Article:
Published: December 10th 2010November 14th 2010
On my own again….but only for a short time. I couch surfed in Cali with a wonderful family who did everything but call me hija (well actually they may have done that too!) Ivan and his sister Irene took the liberty to treat me to a wonderful dinner at Carne y Maduros, an excellent restaurant where I ate more than my fair share of maduros (ripe bananas cooked and flavored). After dinner we went out with a few friends to a typical salsa bar where I saw couples who had never danced together move sensually and gracefully around the dance floor. And yes, I even gave it a go and the result was just as expected…painfully embarrassing yet fun. Their friends were nice enough to ignore the fact that I have completely no rhythm and even seemed unaffected by my trampling of their feet. As if we didn't have enough maduros at dinner, the following afternoon, Nuria, who NEVER cooks, showed me how to make all sorts of foods from bananas…tajadas, moneditas, patacones, the list goes on and on. It was really cool to see the sights as part of a family and relax in that kind of atmosphere for a
few days. They took me in with open arms and by the end of the time; even the dogs had accepted me.
With lots of motherly advice about safety I flew out to Cartagena, unprepared (and oblivious) to the scene I was about to encounter. I actually felt a little scared in the cab as I was delivered to my hostel. The sheer number of people in the streets, most of who seemed to be consuming copious amounts of alcohol tested my nerves. Turns out it was day 4 of a 5 day celebration intertwining Independence and the crowning of Miss Colombia. I ventured out with Irca, a German girl and soon found myself being sprayed in the face with esfuma (a non-burning shaving cream) and covered in blue painting by cackling children. We escaped the madness by climbing a balcony and from there I was finally able to see the colorful dresses of the passing parade. The festivities continued on into the night and were compounded by a torrential downpour. For me, Cartagena was not the jewel that everyone describes. Sure it has its beautiful colonial side, but just across the street are young girls selling their bodies. I know equality does not exist everywhere in the world, but seeing the stark contrast of the lives of tourists and those just trying to make ends meet really make you view the city in a different light. Obviously a lot of money is coming in from the large wave of tourism, but it is definitely not felt by all. This was even more evident on the bus ride to Santa Marta. While flooding has been all too common throughout Colombia in recent times, the fact that there were whole towns with people living in their water-filled houses just showed the extent of the inequality...they couldn't even be displace by the water because they had nowhere else to go.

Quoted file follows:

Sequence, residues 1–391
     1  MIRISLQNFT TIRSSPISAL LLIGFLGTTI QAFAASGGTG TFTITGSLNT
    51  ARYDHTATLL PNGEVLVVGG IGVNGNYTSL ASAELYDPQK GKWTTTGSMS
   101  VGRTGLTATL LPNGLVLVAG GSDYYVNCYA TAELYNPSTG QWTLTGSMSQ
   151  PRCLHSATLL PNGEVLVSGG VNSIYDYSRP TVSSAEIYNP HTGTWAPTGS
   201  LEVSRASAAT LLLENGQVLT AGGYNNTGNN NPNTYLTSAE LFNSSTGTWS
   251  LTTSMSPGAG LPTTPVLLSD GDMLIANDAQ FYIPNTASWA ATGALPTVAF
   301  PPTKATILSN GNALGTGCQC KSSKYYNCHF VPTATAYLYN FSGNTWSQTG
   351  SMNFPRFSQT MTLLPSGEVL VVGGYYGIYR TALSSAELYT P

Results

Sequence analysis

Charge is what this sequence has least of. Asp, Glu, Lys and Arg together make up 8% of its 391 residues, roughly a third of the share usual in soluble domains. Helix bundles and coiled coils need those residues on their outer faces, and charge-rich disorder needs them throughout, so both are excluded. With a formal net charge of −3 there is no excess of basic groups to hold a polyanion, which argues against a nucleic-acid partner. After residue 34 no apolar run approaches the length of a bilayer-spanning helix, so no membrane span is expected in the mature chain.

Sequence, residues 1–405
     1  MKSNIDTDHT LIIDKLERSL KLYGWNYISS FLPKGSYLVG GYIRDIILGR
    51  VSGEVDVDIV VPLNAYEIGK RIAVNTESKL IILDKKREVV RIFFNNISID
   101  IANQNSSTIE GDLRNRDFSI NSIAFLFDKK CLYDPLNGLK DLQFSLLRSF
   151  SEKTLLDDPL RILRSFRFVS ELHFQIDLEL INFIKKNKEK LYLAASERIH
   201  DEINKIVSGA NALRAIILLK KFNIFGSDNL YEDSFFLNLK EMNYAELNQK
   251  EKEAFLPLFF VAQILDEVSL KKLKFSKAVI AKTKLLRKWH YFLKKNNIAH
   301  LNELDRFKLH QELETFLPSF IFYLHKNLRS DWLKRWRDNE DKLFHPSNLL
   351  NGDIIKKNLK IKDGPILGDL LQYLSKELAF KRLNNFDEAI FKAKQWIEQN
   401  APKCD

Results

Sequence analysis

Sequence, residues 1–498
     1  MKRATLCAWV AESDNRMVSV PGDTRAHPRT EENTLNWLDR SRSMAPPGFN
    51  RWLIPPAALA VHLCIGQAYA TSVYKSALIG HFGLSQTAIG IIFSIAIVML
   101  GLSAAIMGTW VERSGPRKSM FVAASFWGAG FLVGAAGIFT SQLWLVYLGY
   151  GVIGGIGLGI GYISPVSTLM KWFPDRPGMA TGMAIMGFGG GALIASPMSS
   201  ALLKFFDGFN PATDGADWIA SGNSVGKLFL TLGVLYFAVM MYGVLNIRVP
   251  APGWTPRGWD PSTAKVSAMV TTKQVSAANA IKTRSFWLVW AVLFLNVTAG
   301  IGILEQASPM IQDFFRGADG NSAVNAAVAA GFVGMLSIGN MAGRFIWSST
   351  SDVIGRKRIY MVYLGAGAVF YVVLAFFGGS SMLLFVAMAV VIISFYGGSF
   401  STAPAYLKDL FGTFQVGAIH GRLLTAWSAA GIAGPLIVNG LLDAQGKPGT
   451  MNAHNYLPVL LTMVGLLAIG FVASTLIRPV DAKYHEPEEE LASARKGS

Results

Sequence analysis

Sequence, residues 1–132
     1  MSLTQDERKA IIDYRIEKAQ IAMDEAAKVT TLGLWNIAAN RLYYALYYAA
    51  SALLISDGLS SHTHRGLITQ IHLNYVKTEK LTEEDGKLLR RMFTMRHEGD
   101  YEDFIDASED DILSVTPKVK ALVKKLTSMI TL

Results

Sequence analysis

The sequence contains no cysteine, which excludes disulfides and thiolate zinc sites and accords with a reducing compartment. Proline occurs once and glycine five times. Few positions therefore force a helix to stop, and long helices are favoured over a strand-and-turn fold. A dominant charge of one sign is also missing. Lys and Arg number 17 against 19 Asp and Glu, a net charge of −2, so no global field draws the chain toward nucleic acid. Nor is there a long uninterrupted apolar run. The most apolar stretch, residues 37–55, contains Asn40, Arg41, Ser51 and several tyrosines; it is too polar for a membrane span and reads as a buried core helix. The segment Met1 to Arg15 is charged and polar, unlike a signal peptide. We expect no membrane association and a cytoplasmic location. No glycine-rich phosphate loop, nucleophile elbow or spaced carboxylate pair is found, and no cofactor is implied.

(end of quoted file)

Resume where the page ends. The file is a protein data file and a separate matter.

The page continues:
On a more upbeat note I met Luis, a high-end purse salesman from Mexico. We hung out in town for about 4 days together and were both gypped into what I deem may have been one of the biggest tourist scams around...Playa Blanca. The tour was actually recommended by a few other travelers so we bought tickets. In the end we wound up being on the boat for about 5 hours and the beach for 1.5.... and even the beach was full of trash and lots of sellers...basically don't do it!!!